A perspective on golf in these times of sudden pause

St Andres Sunrisew


Monday, March 23, 2020.

The exact moment that the pleasure of playing golf in the cradle of the game was put on pause.


There’s a thing.

Not just a stoppage but an opportunity for thought.

The immediate thoughts, of course, are consumed by disappointment and worry. Disappointment that a beloved pastime has been stripped from us precisely when we want time to pass quicker than it ever has; worry that we are in the midst of unprecedented times for every single person alive, all seven-and-a-half billion of us.

Immediacy, though, is fleeting. When it’s over, it leaves ample time and space for perspective to form.

Perspective: normal life will resume. There is nothing in any of this corona chaos to suggest it won’t. And when it does, so will golf.

Perspective: now that the lockdown has started, so too has the countdown to your next round.

What a prospect.

What a tantalising, intoxicating prospect.

The very thing that has, until tonight, been a distraction from our current, collective predicament has suddenly become our light at the end of the tunnel.


Golf’s special, isn’t it? It frustrates me, it dismays me, it all-too-often exasperates me. And yet I love it.

It’s ridiculously difficult, an art masquerading as a hobby. No matter how long I play it I know I’ll never master it, nor get close. But in a world where gratification comes easier than ever, where nothing is more than a few clicks away and success is measured superficially - followers, likes, retweets and hashtags – give me golf and its infinite challenge any day.

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Its rules are convoluted and so many in number that unwittingly breaking them is as occupational a hazard as sand trips and OB stakes. Still, better that, than the reckless pursuit of self-interest that seems to consume so many vain souls and strutters.

It demands discipline, honesty and trust. Values that you can’t learn from textbooks.

It’s time-consuming, requiring hours spent at the mercy of whatever conditions Mother Nature elects to throw at you. Tell me, though: is that not preferable to sitting indoors, feasting on boxsets or indulging the latest desperate reality ‘star’?

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It is beset by image problems, by dress codes that pre-date needles and threads. It has been dragged if not kicking and screaming into the 21st century then certainly huffing and puffing. But change is hard and it's trying.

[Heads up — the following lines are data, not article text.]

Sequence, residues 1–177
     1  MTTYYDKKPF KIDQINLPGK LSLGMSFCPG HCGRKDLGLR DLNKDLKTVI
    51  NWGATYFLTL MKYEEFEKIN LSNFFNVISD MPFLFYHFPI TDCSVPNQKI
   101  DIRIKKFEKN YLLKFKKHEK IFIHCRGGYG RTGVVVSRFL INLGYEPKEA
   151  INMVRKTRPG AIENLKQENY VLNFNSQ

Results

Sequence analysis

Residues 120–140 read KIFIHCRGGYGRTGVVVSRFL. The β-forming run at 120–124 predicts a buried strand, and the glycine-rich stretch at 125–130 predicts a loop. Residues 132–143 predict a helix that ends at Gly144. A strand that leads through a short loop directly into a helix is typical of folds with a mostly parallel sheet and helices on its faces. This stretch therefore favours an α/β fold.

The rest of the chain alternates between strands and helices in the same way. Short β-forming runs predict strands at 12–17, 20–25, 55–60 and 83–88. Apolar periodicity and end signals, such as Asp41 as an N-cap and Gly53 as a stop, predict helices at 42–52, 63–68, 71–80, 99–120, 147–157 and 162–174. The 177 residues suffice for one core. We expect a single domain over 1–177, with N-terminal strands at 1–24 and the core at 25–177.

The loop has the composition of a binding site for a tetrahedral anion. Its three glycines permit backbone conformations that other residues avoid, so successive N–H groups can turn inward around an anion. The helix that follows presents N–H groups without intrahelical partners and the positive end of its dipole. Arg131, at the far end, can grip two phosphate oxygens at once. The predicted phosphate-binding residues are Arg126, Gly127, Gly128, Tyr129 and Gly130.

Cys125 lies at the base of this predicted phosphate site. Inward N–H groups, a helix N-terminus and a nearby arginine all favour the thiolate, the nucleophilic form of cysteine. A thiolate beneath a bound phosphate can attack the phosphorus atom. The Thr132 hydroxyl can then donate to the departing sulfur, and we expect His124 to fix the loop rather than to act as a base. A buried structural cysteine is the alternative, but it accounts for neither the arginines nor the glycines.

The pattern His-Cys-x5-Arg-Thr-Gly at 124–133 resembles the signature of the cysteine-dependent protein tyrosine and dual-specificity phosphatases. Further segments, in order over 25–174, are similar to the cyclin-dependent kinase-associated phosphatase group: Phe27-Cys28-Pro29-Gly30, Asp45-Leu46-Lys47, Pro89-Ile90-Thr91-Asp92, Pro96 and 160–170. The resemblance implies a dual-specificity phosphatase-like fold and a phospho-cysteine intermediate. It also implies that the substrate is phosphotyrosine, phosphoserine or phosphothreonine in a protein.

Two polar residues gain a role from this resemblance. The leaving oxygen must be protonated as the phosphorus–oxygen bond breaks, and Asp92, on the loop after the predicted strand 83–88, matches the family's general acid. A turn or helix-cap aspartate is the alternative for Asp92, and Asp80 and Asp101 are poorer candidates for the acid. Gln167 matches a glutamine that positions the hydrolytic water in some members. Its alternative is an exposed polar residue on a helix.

It is, at its best, an individual pursuit, a timeless duel between man and nature. And yet some of the friendships I most treasure have either been forged on courses or come by virtue of working in the golf industry.

It’s perfectly imperfect. 

In these noisy, confrontational times, it is reassuringly consistent. Even when it’s bad, it’s good.

And yes, it’s on hold.


It’s dark right now. But the best sunrises I’ve ever seen – explosions of colourful morning that no combination of superlatives could ever adequately describe – have unfolded on golf courses.

I'm reminded of the opening morning of the 2014 Ryder Cup at Gleneagles. Shivering shoulder to shoulder with thousands of strangers in the stand behind the first tee, telephone screens and floodlights providing the only illumination against ink-black everything, the mood was one of nervous anticipation. 

What would the coming days have in store? What drama might unfold? 

What, when, why, how?

Questions, questions, questions and nothing like answers.

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Then the sun rose behind the glens in the distance, slowly painting the golf course in soft mellow tones of blood-orange, then gold and finally full technicolour.

It was almost ethereal. In those moments, it felt like nothing mattered. No question. No prediction. No conjecture. No worry. Nothing. Time stood still, even though it didn't.

The night is darkest just before the dawn. That much is true. And that may well be where we are right now.

One day, soon hopefully, golf will begin again. Just think how grateful we’ll be that first morning, how inclined we’ll be to ignore predispositions to throw clubs, to swear, to curse the game’s incessant taunting and teasing and tempting and tormenting.

Pause will end.

Play will resume.

And that day, we’ll drive off down the first having already won.

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